Groovers and Shakers - Roy C Knapp
Quite a few of the drummers I’ve been writing about in G&S have one thing in common – Roy C Knapp. He isn’t famous for playing with anyone famous – unless of course you know the names of the ‘proper’ orchestras in which he played drums and tuned percussion in any of the 17 theatres once situated inside what is arguably called ‘the Loop’ formed by the elevated railway which ran around Chicago.
No, Roy C. didn’t play with any of the great jazz artists like the Dorsey Brothers, Glen Miller, Harry James, Stan Kenton, Billy May, Artie Shaw, Lionel Hampton, Count Basie, Duke Ellington et al. he did better than that. He taught the drummers who propelled many of the ground-breaking bands of the twenties, thirties, forties and fifties to fame and fortune. And as time went by he was also responsible not only for the techniques, but also for the approach to the business of the new generation of drummers like Earl Palmer and Hal Blaine who made their mark by straightening-out the very rhythm of jazz and forging their way into Rock ‘n’ Roll music.
But let’s begin at the beginning. Roy C. Knapp was born in Waterlooville, Louisiana (or was it Iowa? both states have a town which wasn’t named for the Duke of Wellington’s battle-ground) on October 26th, 1891. Here he eventually had lessons on mandolin, violin, piano, and various percussion instruments. He moved to Chicago in 1921 after working in Duluth, Minnesota and New York where he played in theatres and his specialties were drums and xylophone. He also played percussion in the Minneapolis Symphony Orchestra. Living in Chicago it was inevitably he was going to be a Ludwig or a Slingerland endorser and in the event, he was both. The Percussive Arts Society has one of his traps sets in its museum most of which is made by WFL which comprises: 24 x 12” bass drum, 14 x 6” wood shell snare drum with tube lugs, four Chinese toms with double -headed tacked on heads from 6 x 3” up to 12 x 9”, copper timbales and a snow-shoe pedal. (His bass drum pedal was evidently unique in that he could strike the drum and the cymbal attached to it at the same time.)
On the side to his gigs he taught drums and percussion from his home in Elmwood Park (and invariably simply on a practise pad) for which he charged $25 dollars for 10 lessons. His ambition was to have a proper music school and in 1938, while still heavily involved with professional playing, he realised that ambition. The ‘Roy C. Knapp School of Percussion’ on the 6th floor of The Kimball Hall building on South Wabash Avenue soon became the most-respected music school in the USA with six teaching staff overseen by Roy himself known as ‘The Dean of Drums’. His pupils say he didn’t work from any books and still hand-wrote all the drum music for each student in a yellow legal pad in pencil as they progressed through the lesson.
As a drummer and percussionist himself he was anxious to teach those instruments to the highest level but wasn’t able to. The other colleges blocked the way and it wasn’t until Harry S. Truman became president in 1945 that he was able to realise that ambition. President Truman pressurised these colleges putting forward the claim that not offering a Bachelor of Music Percussion degree course was discriminatory and by 1946 Roy C. Knapp was offering one in Chicago. His very first students where George Wettling and Davey Tough but, in the fullness of time, his student roster included absolute household names like Gene Krupa, Buddy Rich, Baby Dodds, Sid Catlett, Louie Bellson, Freddie Below, Bobby Christian, Buddy Harman, Shelly Manne, Ed Shaughnessy, Hal Blaine (whom he only knew as Harold Belsky) and even Mel Tormé. (I have no idea who taught Frank Sinatra to look like he could play the drums for ‘The Man With The Golden Arm’ but there’s a very good chance it was Roy C. Knapp esq.)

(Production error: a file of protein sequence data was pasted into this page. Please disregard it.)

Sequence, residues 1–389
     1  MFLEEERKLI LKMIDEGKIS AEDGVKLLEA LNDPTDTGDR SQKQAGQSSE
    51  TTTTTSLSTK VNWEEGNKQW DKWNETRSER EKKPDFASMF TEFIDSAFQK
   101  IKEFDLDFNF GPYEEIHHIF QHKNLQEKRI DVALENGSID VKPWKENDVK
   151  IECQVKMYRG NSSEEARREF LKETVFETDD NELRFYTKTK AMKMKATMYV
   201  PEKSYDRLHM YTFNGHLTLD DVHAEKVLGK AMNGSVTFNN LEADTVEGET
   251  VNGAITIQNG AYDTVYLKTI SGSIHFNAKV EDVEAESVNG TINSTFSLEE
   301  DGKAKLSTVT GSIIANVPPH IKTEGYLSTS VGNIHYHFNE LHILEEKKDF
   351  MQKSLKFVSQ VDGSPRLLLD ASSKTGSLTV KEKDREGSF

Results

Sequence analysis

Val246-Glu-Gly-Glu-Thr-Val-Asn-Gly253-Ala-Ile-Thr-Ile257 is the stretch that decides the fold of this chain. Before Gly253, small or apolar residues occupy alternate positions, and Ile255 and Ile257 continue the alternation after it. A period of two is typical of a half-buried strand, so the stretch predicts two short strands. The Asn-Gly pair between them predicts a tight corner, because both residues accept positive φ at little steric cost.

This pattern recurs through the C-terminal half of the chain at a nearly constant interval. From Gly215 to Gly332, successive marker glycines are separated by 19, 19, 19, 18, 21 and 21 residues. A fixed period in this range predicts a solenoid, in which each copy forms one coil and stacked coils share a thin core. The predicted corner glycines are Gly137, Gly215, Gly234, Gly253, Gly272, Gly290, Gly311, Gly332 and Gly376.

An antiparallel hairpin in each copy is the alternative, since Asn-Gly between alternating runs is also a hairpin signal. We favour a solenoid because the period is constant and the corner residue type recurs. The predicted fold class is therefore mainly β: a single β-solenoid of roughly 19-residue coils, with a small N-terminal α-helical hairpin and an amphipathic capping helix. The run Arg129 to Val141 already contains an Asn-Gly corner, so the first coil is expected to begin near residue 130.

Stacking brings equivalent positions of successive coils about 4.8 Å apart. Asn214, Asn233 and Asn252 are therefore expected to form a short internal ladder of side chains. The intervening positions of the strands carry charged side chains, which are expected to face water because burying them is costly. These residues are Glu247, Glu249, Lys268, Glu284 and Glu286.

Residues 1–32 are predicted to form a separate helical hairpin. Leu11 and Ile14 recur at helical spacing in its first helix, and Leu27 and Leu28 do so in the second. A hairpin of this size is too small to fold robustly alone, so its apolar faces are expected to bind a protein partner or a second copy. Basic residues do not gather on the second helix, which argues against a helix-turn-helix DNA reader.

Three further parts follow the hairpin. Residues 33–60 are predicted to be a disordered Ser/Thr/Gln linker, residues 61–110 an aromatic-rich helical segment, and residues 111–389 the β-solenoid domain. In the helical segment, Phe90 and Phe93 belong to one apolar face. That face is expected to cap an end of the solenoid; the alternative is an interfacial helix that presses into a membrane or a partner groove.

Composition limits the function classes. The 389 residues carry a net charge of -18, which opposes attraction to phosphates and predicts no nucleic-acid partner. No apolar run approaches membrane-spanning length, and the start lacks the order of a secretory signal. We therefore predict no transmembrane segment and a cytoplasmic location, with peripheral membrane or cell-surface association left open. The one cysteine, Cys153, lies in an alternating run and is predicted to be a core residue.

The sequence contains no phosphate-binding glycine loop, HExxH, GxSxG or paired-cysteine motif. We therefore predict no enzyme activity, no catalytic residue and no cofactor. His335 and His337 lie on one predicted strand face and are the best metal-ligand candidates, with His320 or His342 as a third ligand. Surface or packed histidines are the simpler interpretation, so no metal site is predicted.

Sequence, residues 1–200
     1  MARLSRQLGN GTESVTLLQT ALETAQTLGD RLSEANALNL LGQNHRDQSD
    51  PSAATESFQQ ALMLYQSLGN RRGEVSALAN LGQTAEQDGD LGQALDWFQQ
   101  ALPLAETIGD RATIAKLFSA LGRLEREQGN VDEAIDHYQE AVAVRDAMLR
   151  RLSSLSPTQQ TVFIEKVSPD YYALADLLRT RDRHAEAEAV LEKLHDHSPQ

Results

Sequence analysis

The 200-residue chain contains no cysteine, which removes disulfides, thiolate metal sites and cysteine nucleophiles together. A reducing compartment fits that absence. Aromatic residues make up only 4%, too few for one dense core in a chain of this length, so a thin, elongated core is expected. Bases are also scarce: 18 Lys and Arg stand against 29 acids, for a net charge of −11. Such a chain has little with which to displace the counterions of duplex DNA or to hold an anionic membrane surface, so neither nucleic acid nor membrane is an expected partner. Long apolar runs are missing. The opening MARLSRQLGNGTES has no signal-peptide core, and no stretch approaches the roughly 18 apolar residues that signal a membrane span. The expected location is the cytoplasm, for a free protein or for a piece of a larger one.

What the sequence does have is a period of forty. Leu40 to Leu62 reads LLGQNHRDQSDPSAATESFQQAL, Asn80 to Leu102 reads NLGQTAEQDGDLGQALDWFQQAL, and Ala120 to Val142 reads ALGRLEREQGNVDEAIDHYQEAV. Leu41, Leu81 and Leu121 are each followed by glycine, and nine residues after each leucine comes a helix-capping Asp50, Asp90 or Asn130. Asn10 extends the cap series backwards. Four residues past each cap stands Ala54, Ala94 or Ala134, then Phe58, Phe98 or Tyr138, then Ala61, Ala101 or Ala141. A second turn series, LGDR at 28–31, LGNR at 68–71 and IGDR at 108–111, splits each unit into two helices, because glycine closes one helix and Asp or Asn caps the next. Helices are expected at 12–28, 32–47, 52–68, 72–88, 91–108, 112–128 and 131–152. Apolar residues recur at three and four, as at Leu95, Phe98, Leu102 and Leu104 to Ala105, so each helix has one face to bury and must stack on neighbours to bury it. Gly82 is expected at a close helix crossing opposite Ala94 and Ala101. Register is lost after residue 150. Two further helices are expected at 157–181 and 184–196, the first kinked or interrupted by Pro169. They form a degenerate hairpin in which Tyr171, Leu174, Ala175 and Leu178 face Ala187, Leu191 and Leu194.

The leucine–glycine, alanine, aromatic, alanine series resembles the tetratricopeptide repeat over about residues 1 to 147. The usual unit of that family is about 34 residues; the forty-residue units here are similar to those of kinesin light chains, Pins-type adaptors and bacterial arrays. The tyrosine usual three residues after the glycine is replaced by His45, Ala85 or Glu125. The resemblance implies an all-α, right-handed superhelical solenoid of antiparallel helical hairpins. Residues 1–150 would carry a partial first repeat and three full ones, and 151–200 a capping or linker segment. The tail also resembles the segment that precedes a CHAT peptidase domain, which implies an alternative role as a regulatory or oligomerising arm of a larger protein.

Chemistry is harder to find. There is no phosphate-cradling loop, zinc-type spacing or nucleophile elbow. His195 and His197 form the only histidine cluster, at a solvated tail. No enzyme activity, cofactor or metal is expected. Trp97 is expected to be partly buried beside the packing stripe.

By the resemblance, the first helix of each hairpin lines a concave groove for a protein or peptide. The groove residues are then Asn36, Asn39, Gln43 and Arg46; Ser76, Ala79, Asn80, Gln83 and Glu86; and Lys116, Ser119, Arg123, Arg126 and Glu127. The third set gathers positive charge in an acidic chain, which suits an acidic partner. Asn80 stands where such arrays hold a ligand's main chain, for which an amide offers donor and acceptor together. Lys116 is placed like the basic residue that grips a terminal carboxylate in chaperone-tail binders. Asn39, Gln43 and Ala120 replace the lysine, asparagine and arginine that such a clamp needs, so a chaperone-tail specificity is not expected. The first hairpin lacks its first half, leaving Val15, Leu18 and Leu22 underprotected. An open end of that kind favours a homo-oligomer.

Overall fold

For the record, Gene Krupa was Roy’s absolute favourite student although he says he learned more from all his students than vice versa! However Gene Krupa, who he said, “was the greatest talent he had to work with” actually came to him to study timpani. Roy managed to switch him to drums which he took to straightaway and immediately grasped his counting system. According to Roy, we drummers would never have had any respect and would forever have been the butt of musicians’ jokes had it not been for Gene Krupa.
Lessons at The Roy C. Knapp School of Percussion besides the obvious drum rudiments included harmony, composition, music appreciation, how to apply those rudiments and believe it or not, as I said, you’d actually be taught how to count! To reinforce these lessons his ex-pupils, who were now successfully playing in really big big bands would drop by with their musician pals when they were in town to show everybody how it was done!
He’d been playing in an orchestra for a radio station called WLS from 1928 until 1950 but In 1960 he gave-up playing and concentrated on teaching and running his own drum shop. Six years later Maurie Lishon offered him the opportunity to teach at Frank’s Drum Shop which was also on Wabash and where he stayed for the remainder of his life.
I have searched far and wide to discover what the first initial of his middle name stood for and the closest I can get by researching his sons - both of whom were drummers – is Cecil.
If I’m right then, Roy Cecil Knapp died June 16th, 1979 and left a legacy of nurturing talent which from a drumming point of view cannot possibly be equalled. There was a particularly apposite slogan at the top of his headed notepaper which he also used on his adverts which stated his school was: “The cradle of professional drummers”.
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